Besides that, things have been pretty normal around here. I've joined a gym, which has been really nice. It's not like running in Corvallis, or even in Claremont, but the exercise feels good. The gym is pretty clean, I thought, but then I saw a mouse in the women's changing room today. Oh. Our Internet went out this weekend because we forgot to pay the bill (wooopsie giggles), so it is nice to have it back, but at the same time strange to read all the CMC emails without being at school. A couple of days ago, Lea, Lisa (from Stephens), and I went to the Indian Habitat Center, a posh convention center-type complex close to our apartment, to hear a presentation on homosexuality in India. There's this group called the Youth Parliament that organizes fora, movie showings, and so on for teenagers and twenty-somethings in Delhi. Their events are very professional, and a lot of the third-year political science girls at LSR work with YP. Anyway, this event was interesting. They showed a film made by an Indian man who graduated from Harvard in 1998 and then struggled with coming out to his family. He's dead now--I think from a car accident--and so his mother was there to present the film. Afterwards, a gay Indian man led the YP in a discussion. The thing is, homosexual activity between men is illegal in India, so the perspectives here are very different from in the US. The demographic that attends YP-type events is the same as the type of people you would expect in the US--young, wealthy, well-educated, socially progressive--but they have different ideas about what is and isn't acceptable. They said things people of this social class in the US would probably not say, like "If I found out my friend was gay it would totally change my opinion of him." It was interesting to see what such a contentious social issue was like in a different culture.
Besides that, the only other story I have recently is from Hindi class. We have to go to Hindi twice a week now that we're back in Delhi, which keeps us up on our language skills but isn't as demanding as Landour. The Delhi school is run by Christian missionaries (I think American). Our teacher there is named Rajni, and, although she's from a Hindu background, she's a Christian. Her mother and some siblings are as well, but her father and some other siblings are not. She lives in a house with 22 family members (nuclear and extended), but according to her they all get along well. But now it's time for her to get married, so her father is working on finding her a "good" (read: Hindu) husband. Her father respects her faith and doesn't object when she goes to church, but since he's in charge of finding her a husband, he naturally prefers Hindus. She wants a Christian husband, but she wants even more to do what her father wants so that he doesn't lose the community's respect. Also, she's worried that people at the language school won't want to work with her anymore if she marries someone who's not a Christian. I guess this kind of thing goes on all the time, but it's so difficult to imagine.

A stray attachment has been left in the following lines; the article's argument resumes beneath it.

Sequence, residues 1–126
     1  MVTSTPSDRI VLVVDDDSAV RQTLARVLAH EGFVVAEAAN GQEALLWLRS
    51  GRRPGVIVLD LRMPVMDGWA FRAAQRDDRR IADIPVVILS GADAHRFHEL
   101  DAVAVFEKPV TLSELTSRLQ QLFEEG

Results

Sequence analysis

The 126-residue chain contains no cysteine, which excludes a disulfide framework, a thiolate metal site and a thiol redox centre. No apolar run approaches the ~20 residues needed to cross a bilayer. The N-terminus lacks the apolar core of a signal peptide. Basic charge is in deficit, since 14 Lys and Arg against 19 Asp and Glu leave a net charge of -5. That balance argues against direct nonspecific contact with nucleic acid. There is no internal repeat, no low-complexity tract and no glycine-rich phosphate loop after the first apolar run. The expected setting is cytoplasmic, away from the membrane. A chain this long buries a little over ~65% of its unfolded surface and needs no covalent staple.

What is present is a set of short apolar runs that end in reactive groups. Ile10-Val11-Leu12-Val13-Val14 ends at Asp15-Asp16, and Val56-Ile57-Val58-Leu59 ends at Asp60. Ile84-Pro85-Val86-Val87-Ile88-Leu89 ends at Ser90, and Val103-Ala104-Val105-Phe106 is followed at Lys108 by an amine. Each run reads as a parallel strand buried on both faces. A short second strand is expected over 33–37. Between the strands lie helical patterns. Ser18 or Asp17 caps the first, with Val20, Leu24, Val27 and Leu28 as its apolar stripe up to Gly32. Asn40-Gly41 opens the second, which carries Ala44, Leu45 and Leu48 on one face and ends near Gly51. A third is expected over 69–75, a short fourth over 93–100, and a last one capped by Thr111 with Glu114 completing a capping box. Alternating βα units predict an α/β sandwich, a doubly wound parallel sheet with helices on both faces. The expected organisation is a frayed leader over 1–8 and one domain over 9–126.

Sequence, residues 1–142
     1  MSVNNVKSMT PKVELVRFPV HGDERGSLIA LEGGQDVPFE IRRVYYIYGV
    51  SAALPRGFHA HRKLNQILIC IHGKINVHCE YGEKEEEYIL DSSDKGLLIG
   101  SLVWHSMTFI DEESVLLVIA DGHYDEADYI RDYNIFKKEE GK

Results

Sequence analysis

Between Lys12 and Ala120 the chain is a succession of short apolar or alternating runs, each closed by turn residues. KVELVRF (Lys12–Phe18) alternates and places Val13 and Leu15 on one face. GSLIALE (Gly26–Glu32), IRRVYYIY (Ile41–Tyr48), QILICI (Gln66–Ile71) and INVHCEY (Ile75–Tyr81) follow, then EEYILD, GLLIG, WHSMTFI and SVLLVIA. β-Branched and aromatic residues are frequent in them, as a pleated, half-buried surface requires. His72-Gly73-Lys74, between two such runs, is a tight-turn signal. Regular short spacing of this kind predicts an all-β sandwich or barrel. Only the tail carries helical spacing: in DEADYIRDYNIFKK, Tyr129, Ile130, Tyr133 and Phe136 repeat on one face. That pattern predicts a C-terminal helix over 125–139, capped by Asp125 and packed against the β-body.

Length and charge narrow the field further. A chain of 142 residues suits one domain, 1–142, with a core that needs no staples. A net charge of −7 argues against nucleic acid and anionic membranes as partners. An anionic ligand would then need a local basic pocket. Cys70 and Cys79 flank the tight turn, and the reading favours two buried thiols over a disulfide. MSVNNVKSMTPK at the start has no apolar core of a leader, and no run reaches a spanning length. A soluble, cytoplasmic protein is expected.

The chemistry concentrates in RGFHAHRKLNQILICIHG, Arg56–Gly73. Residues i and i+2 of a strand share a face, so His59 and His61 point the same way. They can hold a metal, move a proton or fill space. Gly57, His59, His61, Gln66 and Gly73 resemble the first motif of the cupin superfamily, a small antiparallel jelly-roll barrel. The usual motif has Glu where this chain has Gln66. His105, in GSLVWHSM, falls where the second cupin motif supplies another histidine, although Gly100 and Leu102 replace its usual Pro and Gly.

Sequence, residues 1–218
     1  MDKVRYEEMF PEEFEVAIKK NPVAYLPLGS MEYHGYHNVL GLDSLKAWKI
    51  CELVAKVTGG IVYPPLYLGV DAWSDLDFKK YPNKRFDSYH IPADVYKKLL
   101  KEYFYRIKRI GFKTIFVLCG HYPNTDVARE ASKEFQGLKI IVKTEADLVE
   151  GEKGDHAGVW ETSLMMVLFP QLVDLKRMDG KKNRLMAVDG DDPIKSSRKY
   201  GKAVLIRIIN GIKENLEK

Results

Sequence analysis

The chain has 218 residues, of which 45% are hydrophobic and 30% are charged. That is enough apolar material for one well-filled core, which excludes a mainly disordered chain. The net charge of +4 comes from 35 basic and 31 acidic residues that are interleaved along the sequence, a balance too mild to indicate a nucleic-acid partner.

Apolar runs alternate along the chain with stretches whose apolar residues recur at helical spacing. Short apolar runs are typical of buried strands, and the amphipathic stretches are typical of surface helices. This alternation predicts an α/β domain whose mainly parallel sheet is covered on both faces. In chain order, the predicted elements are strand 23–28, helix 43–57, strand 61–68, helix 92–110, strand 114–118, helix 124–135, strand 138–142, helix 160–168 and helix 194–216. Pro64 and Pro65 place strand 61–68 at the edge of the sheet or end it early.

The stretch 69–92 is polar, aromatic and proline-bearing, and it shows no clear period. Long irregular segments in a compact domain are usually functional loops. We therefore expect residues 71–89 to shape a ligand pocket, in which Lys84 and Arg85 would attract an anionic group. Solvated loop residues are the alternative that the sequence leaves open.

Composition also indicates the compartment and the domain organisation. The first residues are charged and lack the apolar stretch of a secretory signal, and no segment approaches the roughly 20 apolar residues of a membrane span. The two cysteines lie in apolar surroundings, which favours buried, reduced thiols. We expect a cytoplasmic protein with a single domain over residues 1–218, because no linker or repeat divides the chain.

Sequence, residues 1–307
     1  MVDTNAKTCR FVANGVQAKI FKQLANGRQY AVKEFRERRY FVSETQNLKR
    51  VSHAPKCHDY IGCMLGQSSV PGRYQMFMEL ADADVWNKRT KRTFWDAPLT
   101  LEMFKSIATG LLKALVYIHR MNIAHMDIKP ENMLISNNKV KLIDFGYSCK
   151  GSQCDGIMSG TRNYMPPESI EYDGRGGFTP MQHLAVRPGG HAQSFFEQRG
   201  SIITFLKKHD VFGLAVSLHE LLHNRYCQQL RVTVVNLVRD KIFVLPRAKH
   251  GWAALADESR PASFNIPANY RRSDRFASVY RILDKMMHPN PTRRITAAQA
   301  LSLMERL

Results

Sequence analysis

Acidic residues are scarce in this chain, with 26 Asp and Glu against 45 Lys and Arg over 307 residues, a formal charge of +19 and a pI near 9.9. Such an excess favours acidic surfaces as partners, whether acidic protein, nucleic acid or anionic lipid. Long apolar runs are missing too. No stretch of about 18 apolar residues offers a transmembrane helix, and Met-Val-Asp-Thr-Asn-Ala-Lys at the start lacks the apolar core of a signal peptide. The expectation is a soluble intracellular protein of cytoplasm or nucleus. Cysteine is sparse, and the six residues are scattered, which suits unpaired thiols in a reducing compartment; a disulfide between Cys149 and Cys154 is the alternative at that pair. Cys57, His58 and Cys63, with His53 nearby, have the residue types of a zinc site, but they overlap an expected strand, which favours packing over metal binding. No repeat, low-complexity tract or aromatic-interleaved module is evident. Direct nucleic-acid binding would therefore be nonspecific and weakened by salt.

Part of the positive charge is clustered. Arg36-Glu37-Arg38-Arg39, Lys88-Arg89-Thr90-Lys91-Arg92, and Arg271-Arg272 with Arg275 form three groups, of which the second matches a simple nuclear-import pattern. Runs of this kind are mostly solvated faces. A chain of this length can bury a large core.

Also, a cow hit me with its horn today, and now I have a bruise on my thigh. Cows can be mean.

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October 2006